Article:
With the large bellwether state of Uttar Pradesh slated to hold elections early next year, the business slump — and the lines at the banks — have become campaign issues.
“Forget about creating new jobs. Modi’s decision is taking away people’s jobs,” the opposition Congress party leader, Rahul Gandhi, said at a public meeting this month.
Modi has urged people to adopt digital payment methods and bear some pain to support the long-term goal of rooting out corruption.
Mishra’s office is conducting 50 training sessions every day in small industrial hubs to help residents transition to cashless transactions. But many business owners in these clusters say it is not easy to change because daily wage laborers do not accept checks and do not have smartphones with Internet.
Well done Modi.
Last week, about 200 business executives in Ludhiana staged a sit-in against the cash-swap decision, calling it “ill-conceived.” They even formed a “stick brigade” and are threatening to beat tax officers who show up to “scrutinize our books needlessly and harass us.”
In the country’s largest textile town, Bhiwandi, in western India, more than 2 million power looms used to operate round-the-clock. Countless machines are silent now.
“The cash shortage has come as the latest blow to the industry that was already hit by global competition. Fifty to 60 percent of power looms have shut down, and more than 150,000 workers have gone back to their villages,” said Rashid Tahir Momin, whose family owns about 400 power looms.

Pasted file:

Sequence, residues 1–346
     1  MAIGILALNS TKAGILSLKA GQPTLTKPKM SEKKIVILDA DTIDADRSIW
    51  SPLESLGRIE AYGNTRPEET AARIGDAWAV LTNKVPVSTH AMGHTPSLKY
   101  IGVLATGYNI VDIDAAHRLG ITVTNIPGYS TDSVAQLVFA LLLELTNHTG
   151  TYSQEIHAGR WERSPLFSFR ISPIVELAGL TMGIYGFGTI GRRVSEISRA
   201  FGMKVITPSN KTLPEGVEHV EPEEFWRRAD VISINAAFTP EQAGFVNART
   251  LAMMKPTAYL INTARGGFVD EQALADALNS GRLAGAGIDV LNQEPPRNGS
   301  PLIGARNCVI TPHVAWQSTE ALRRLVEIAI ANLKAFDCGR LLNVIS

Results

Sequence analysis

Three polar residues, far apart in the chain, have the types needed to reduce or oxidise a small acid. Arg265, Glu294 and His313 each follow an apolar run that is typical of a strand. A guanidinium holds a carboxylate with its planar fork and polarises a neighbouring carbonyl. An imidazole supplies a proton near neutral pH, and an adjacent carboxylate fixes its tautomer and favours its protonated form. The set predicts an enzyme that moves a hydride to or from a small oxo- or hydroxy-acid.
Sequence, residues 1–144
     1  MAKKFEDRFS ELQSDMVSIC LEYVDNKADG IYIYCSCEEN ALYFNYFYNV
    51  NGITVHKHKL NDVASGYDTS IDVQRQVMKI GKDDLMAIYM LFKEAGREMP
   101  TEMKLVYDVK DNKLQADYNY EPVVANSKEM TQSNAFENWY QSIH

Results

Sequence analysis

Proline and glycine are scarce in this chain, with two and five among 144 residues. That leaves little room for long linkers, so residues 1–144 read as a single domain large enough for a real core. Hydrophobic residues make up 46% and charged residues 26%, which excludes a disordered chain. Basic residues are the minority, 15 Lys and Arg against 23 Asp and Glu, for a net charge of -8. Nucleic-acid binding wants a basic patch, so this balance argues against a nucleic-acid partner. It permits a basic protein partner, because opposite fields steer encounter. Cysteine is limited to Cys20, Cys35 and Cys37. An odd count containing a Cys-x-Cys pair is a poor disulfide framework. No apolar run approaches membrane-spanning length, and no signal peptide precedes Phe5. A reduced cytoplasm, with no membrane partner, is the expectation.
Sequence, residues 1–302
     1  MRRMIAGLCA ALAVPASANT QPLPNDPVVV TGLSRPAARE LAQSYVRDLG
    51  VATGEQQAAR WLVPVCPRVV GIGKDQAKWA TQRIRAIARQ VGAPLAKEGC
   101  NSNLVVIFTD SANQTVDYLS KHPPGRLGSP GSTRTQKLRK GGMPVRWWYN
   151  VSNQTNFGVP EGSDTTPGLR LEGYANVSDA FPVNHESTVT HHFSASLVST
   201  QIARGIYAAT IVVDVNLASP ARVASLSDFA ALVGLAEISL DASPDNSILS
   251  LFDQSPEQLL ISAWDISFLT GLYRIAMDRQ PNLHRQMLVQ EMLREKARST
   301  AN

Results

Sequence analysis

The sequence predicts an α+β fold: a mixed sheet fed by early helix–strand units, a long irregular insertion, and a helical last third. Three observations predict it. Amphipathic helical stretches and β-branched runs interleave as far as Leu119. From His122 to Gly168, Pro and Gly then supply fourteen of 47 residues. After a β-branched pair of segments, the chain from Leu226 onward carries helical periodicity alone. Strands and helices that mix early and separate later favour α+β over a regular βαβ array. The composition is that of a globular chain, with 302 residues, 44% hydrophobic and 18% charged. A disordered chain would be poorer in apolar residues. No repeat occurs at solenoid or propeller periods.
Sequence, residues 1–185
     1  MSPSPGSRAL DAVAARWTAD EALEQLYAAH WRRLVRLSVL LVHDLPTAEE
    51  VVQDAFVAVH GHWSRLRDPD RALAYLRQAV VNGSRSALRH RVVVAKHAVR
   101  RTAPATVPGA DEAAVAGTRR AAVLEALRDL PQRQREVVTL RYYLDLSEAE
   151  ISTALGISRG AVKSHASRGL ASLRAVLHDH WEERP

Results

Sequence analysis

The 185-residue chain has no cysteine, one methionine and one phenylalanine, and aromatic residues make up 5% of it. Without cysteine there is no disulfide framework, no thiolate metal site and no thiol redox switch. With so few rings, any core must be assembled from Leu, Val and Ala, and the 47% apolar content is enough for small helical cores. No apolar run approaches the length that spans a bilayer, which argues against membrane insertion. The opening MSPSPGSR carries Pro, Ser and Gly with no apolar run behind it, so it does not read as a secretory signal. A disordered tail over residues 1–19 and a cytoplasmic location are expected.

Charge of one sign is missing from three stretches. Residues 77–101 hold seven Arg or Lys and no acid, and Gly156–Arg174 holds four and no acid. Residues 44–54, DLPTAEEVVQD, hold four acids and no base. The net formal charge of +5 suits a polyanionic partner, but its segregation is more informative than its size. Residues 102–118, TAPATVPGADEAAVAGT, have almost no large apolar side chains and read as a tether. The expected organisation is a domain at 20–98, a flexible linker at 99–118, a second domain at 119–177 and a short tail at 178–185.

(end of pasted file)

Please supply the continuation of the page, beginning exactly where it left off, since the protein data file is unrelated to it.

Naturally, this is just the tip of the iceberg. The Indian diamond market has also been thrown into total chaos.
As Reuters reports:
The global diamond industry is facing disruption that could stretch through the first few months of next year, including Valentine’s Day in February, as a result of Indian Prime Minister Narendra Modi’s radical move to abolish most of the nation’s cash overnight.
In the western Indian city of Surat craftsmen usually spend 10-12 hours a day in small mills or grimy sheds cutting and polishing 80 percent of the world’s diamonds but the business is based on cash and the demonetization of the high-value banknotes from Nov. 8 has prevented many from operating. Thousands of diamond brokers in the area’s narrow lanes are also doing little business.
In India, jewelry demand typically climbs in the winter months’ wedding season. But this year sales are plunging as nearly two-thirds of jewelry is usually purchased with cash, which is in short-supply.
Ishu Datwani, owner of Mumbai-based Anmol Jewellers, says his sales are down nearly 70 percent since the government scrapped the high-value notes.
The demand is unlikely to revive any time soon as India struggles to dispense enough new notes, industry officials say.
Let this be a lesson to all of us regarding the dangers of centralized power. There’s no reason we should ever allow ourselves to be in a position where the foolish, capricious actions of one man can have such a devastating impact on an economy of more than one billion. This is precisely why we need to move toward a more decentralized way of living and discard many of the archaic, unnecessary and harmful institutions of the past.